"Half the night I waste in sighs, Half in dreams I sorrow after The delight of early skies; In a wakeful dose I sorrow For the hand, the lips, the eyes, For the meeting of the morrow, The delight of happy laughter, The delight of low replies." — Alfred Lord Tennyson (Maud, and other poems)
I looked up as I crossed the street; something had caught my eye. It was my father’s truck, turning the corner up the street to my grandmother’s house. I thought of Little Red Riding Hood, how she’d brought her grandmother tea and cookies. I thought how if I were Little Red Riding Hood, I’d have laced those cookies with arsenic.
I heard the door of my father’s truck slam.
I drew the sleeve of my jean jacket across my face, knowing it would do nothing to hide the fact that I’d been crying. I saw him walking up the street to meet me. I wanted to bolt, to run the opposite way up the street, but Da had been a track athlete and a football player and a hockey player and we used to run together and he would catch me and part of me wanted him to catch me, but I wanted him to catch me in his arms and dry my tears, not catch me in his arms to drag me back to the old battle-axe’s house to face a punishment I did not deserve for a sleight that had been utterly fabricated.
We approached each other tentatively. I think he sensed my instinct to run, and I had sensed his instinct to tread lightly. “Hey,” he said.
I said nothing.
“Want to go for a ride?” He asked.
We walked together toward the house.
“She used to do that to me, you know,” he said.
“Yeah?” I asked, my voice hoarse.
“I hated it,” he said.
“It’s fucked,” I said. I was only a little shocked that that word had come out of my mouth in front of my father. He didn’t seem shocked at all; he just glanced askance at me and raised an eyebrow.
We got to the truck. “Get in,” he said.
My Da always knew when I needed to go for a drive. It’s easier to talk when you go for a drive. Something about not making eye contact but still being alone, together, just the two of you.
I got in the truck. “I’m going to go tell her where you are.”
“I don’t want to see her,” I said.
“I don’t blame you,” he said.
In a few minutes, he jogged back out to the truck. He slammed the door and let out the brake before he started the engine. The truck lurched forward. “She’s coming,” he said as he gunned the engine.
From the side mirror, I saw my grandmother, “running” in her tiny, dainty slippers, taking tiny, dainty steps, flapping a hanky. “Crap,” I groaned. “Just drive.”
He did. We drove off up the block with my grandmother standing in the driveway looking for all intents and purposes like someone had just stolen her purse, wallet, favourite kitten, uterus, and lunch.
After a few minutes, when we were on the highway with the windows open and a bag of chips on the seat between us, he said, “when I was fifteen, I used to go to the restaurant after school with my friends. She’d come in there, not all the time, but sometimes, and she’d stand at the door and shout at the Chinaman ‘you just keep an eye on my Kenny! You just watch him and you just call me when he does something bad! My Kenny shouldn’t be a bad boy!’. Christ, that embarrassed me.”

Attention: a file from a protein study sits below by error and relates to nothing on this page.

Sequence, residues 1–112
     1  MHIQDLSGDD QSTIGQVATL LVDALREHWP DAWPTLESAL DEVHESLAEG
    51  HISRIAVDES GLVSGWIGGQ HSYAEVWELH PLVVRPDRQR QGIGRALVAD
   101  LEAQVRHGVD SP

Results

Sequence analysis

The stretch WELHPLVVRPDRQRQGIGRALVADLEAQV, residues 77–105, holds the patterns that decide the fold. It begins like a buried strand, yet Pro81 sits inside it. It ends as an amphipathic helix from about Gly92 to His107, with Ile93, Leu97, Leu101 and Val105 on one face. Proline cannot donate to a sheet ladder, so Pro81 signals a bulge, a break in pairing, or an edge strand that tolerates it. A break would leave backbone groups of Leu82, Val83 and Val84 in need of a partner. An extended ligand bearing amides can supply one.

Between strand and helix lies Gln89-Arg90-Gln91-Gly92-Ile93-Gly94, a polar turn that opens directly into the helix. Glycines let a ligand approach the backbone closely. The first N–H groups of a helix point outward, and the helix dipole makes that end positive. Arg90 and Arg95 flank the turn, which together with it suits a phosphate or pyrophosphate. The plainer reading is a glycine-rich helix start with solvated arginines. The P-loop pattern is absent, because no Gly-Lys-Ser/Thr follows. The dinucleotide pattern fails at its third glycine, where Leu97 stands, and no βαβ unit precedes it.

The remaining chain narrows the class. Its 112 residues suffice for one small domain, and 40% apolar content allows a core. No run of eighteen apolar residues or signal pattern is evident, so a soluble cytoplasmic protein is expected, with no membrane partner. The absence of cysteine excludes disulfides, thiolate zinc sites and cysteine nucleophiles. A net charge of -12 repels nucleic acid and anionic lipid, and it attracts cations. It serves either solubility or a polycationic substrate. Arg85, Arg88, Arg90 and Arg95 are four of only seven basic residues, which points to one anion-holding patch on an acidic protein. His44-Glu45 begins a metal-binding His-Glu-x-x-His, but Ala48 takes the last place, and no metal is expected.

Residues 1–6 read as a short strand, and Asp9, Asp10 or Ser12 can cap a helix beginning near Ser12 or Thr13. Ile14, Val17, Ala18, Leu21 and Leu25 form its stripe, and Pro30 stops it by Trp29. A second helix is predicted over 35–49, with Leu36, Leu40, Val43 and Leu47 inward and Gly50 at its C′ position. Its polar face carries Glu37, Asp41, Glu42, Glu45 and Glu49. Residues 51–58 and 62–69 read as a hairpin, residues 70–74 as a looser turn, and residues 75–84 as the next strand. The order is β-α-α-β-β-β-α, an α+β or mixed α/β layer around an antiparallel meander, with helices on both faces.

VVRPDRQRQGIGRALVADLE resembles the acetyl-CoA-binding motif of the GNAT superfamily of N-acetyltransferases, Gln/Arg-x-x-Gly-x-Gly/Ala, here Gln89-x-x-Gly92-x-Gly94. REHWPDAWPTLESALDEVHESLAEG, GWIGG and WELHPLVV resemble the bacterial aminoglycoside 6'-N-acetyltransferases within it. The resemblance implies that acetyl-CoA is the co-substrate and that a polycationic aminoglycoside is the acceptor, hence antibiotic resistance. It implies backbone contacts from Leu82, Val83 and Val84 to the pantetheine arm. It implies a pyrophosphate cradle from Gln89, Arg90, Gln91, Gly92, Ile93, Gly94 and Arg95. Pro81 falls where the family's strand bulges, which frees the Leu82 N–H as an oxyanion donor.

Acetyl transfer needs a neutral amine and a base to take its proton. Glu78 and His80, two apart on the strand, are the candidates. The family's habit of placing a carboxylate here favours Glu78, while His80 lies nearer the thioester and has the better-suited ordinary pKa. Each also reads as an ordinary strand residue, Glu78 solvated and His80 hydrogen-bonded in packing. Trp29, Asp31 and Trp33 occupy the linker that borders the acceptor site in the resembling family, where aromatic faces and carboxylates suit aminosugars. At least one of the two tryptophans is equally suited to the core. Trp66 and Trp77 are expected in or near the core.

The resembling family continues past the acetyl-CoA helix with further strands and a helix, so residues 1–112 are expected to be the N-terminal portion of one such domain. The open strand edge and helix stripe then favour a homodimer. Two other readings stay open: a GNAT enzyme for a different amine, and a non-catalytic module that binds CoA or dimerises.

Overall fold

“Yeah,” I said. My heart felt lighter. My head was a bit swimmy.
“What the hell happened, anyway?”
I sighed heavily. “Well, she freaked out the other day when I invited Matt over to the house, so today he invited me to his house. I told her I was going to his house and that I’d be back for dinner, but…I dunno. Maybe she didn’t hear me.”
“No. She heard you. She just does this. She gets all in a flap when she’s not the centre of attention.”
“How could you stand it?” I asked. I pictured her taking her dainty little steps in her dainty little shoes into the restaurant and shouting at the Chinaman to keep an eye on my Da. I pictured all of his friends with smirks on their faces. I felt the flush in my own face and the sinking of my own stomach.
“I hated it,” he said. “That’s why I didn’t stay here when I was done school. I think that broke Gramps’ heart, but I couldn’t stay here. Not with her.”
“Yeah.” I said.
“Look,” he said. “I’m really sorry she did this to you.”
“Thanks,” I said. “The really stupid thing is that these are the kids that SHE introduced me to. I don’t know why she has such a problem with Matt.”
Da glanced at me askew. “She doesn’t want people talking.”
“Well what the hell would they say, other than that she’s crazy?”
He nodded. “That’s exactly it.”
“But she *is* crazy.”
“Maybe. But she’s your grandmother, and you need to follow her rules when you’re in her house.”
“I’d love to,” I exclaimed. “If I knew what they were! They keep changing!”
He sniggered. “It’s not the end of the world, though. It feels like it is, but it isn’t the end of the world.”
“Yeah,” I said. I didn’t believe him. I don’t know if I believe him now. Because at fifteen, that absolutely was the end of the world. It was the end of that world, that magical world of new things and new people and …and whatever it was that Matt was to me.
Scott didn’t call again that summer. I tried calling him, but he didn’t return my messages. I called Matt a few times, but he wasn’t home – his mum said he was out with Scott. The phone did ring every morning for the next week or so that summer, and my grandmother made sure to answer on the very first ring. It was never for me.
“Half the night I waste in sighs,
Half in dreams I sorrow after
The delight of early skies;
In a wakeful dose I sorrow
For the hand, the lips, the eyes,
For the meeting of the morrow,
The delight of happy laughter,
The delight of low replies.”
— Alfred Lord Tennyson (Maud, and other poems)